The first dollar I ever made as a writer was composing a love poem to a boy I’d never met. It sounds strange; I know. It does. But the girl who sat next to me in 8th grade history— the one with the blonde hair, crimped and teased; the one with the Tretorn shoes and the Hypercolor shirt; the one I had an undeniable crush on— she “hired” me to write a Valentine’s Day poem for her boyfriend. Maybe she didn’t know how she felt, or if she did she couldn’t find the words to say it. I was the kid with notebooks scrawled full of teenage angst in verse, so I contracted myself out to her as a freelance Aphrodite. I dribbled out some generic couplets about his eyes (which I’d never seen) and his hands (which I’d never held). I can almost guarantee I rhymed “miss” with “kiss” and made some shitty reference to true love found. She copied those lines in her own hand, delivered them between classes, and let him feel her up in the water fountain alcove. It was fraud. It was also the easiest dollar I ever made.
That was 25 years ago. I never have put the pen down, though my notebooks now are scrawled with an angst that’s decidedly more... middle-aged— same existential dread, but with more bills and less Pantera.
My wife never had to suffer my early scribblings. She never knew the 13 year old me. Though she has, in our time together, suffered plenty of proof reads and rewrites. This June marks our 16th wedding anniversary. The traditional gift of that year is silver holloware— a pitcher, or a sugar bowl, or some other trivial piece of decor that will never be used but only require polishing. She’s not that kind of girl. Sure, she likes things that shine, just not the kind you have to carry.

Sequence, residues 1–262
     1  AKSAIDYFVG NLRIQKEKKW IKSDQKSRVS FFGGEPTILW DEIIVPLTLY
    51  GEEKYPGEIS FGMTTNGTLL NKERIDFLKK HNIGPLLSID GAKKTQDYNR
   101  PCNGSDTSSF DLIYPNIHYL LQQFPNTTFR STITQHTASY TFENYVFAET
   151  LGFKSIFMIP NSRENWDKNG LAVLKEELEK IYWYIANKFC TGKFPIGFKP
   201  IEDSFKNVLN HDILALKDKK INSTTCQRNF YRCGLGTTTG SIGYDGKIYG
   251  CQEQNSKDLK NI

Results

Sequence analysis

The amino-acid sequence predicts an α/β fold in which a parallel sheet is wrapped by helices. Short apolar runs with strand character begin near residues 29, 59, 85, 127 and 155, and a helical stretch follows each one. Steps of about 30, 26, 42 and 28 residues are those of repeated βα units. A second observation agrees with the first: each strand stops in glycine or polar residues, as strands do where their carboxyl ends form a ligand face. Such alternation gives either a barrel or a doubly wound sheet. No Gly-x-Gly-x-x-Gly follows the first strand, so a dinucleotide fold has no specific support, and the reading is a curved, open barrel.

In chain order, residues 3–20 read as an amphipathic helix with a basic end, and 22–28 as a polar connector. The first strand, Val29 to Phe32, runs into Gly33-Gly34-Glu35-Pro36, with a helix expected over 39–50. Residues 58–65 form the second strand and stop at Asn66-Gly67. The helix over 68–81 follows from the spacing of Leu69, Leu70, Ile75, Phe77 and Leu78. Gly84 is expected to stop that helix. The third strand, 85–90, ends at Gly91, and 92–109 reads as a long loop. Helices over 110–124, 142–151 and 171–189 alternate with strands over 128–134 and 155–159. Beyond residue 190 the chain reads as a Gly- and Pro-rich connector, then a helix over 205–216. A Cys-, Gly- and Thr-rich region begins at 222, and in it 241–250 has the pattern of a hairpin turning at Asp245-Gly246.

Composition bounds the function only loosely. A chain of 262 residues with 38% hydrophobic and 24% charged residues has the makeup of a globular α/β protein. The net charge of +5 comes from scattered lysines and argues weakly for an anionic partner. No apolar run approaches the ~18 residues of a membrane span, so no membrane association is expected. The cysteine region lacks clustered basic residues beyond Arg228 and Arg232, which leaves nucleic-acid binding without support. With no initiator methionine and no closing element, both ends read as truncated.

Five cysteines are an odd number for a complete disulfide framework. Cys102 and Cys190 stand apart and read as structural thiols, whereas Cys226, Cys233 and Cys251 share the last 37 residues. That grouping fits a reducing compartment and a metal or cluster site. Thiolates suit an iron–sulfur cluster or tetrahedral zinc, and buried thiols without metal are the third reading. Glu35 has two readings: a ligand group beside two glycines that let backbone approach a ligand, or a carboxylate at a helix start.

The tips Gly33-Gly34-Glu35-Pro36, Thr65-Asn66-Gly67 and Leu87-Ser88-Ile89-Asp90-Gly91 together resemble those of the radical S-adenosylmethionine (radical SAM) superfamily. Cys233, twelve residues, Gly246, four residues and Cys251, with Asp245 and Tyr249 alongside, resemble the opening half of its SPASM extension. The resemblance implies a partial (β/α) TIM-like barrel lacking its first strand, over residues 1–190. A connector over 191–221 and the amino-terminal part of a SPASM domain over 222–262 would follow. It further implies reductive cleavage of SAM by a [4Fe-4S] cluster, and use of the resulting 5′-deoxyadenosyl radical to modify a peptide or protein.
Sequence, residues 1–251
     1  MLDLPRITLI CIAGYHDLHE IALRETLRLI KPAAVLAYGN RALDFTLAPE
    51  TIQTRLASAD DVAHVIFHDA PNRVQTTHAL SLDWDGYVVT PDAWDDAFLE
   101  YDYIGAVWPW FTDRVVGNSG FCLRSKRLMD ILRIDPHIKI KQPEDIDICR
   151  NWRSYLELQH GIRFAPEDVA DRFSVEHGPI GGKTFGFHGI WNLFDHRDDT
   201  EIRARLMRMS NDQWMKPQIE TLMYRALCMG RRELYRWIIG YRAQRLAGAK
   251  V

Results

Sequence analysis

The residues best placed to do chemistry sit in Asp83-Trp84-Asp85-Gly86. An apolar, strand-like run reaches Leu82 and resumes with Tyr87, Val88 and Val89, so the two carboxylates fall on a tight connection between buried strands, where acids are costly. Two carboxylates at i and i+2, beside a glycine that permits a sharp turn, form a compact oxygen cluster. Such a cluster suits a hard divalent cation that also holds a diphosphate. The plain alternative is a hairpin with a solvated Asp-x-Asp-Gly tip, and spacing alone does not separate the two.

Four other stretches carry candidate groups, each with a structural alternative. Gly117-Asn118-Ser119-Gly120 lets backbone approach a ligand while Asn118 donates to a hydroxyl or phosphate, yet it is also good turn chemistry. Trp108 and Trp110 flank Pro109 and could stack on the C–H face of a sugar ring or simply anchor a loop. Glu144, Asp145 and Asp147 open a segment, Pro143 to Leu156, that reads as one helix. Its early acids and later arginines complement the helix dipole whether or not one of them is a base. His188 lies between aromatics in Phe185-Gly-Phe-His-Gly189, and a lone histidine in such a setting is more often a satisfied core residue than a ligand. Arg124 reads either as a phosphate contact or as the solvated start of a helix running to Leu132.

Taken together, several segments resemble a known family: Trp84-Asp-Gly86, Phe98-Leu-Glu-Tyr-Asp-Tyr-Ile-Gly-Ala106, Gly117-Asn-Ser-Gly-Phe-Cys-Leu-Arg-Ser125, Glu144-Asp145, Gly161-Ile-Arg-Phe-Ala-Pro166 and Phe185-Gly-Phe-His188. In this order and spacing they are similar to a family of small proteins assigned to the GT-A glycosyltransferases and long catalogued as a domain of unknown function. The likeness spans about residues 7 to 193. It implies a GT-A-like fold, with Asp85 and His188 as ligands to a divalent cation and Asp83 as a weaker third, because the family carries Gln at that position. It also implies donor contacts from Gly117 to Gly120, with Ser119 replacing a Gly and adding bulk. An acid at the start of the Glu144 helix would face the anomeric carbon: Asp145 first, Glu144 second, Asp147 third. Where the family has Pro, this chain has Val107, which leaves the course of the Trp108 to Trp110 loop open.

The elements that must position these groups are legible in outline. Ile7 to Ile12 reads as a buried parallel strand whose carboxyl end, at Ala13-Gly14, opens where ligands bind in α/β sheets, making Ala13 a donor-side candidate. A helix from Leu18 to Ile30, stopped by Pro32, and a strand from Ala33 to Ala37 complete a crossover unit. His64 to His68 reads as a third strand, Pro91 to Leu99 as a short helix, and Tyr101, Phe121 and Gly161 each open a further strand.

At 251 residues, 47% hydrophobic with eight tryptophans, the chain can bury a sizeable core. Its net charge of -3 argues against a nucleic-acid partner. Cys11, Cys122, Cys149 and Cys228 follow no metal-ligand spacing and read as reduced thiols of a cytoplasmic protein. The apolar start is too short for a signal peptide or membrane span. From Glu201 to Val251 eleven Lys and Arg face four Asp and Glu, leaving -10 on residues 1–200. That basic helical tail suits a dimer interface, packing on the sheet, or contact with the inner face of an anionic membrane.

So, I've brought you this instead, my darlin’, my dulcinea, “my ain true love.” Sure, it’s no silver vase, but it’s not a con job sonnet either. And it might still require polish, but it’s truth, every word.
I go there in my mind sometimes, a crossroads Grange Hall in the dark of winter;
That first Maine winter where we learned to shoulder a cold we could not know in our proud Tennessee.
And they called it a contra dance though it looked a damn sight near an Appalachian square dance to us.
We did not know the songs, the steps, the people, only that the jig and reel is a common language.
Just newlyweds on a white pine floor that bent and bowed like waves under the weight of a buoyant Friday crowd;
Like two shipmates thrown into the swell and heave we did separate, swept along in the tide by direction of a caller,
The conductor of a storm that churned with an ordered lean and lilt.
And did you ever know, I wonder, how it tugged at me to see you go, changing partners, led away by the hand of another?
I moved unmoored and lost until somewhere in a trough, somewhere among the fiddle’s slur and the lowing of the bass I could just make out your voice.
And then, sweat beading on your forehead there above those laughing eyes and bourbon hot on your breath,
You’d be delivered back to me from the swirling currents,
But there was no lifeboat; only a sea of strangers and you holding fast to me held fast to you.
And I did not want for the calm of port; only to drown with you in that night,
Where I am drowning still.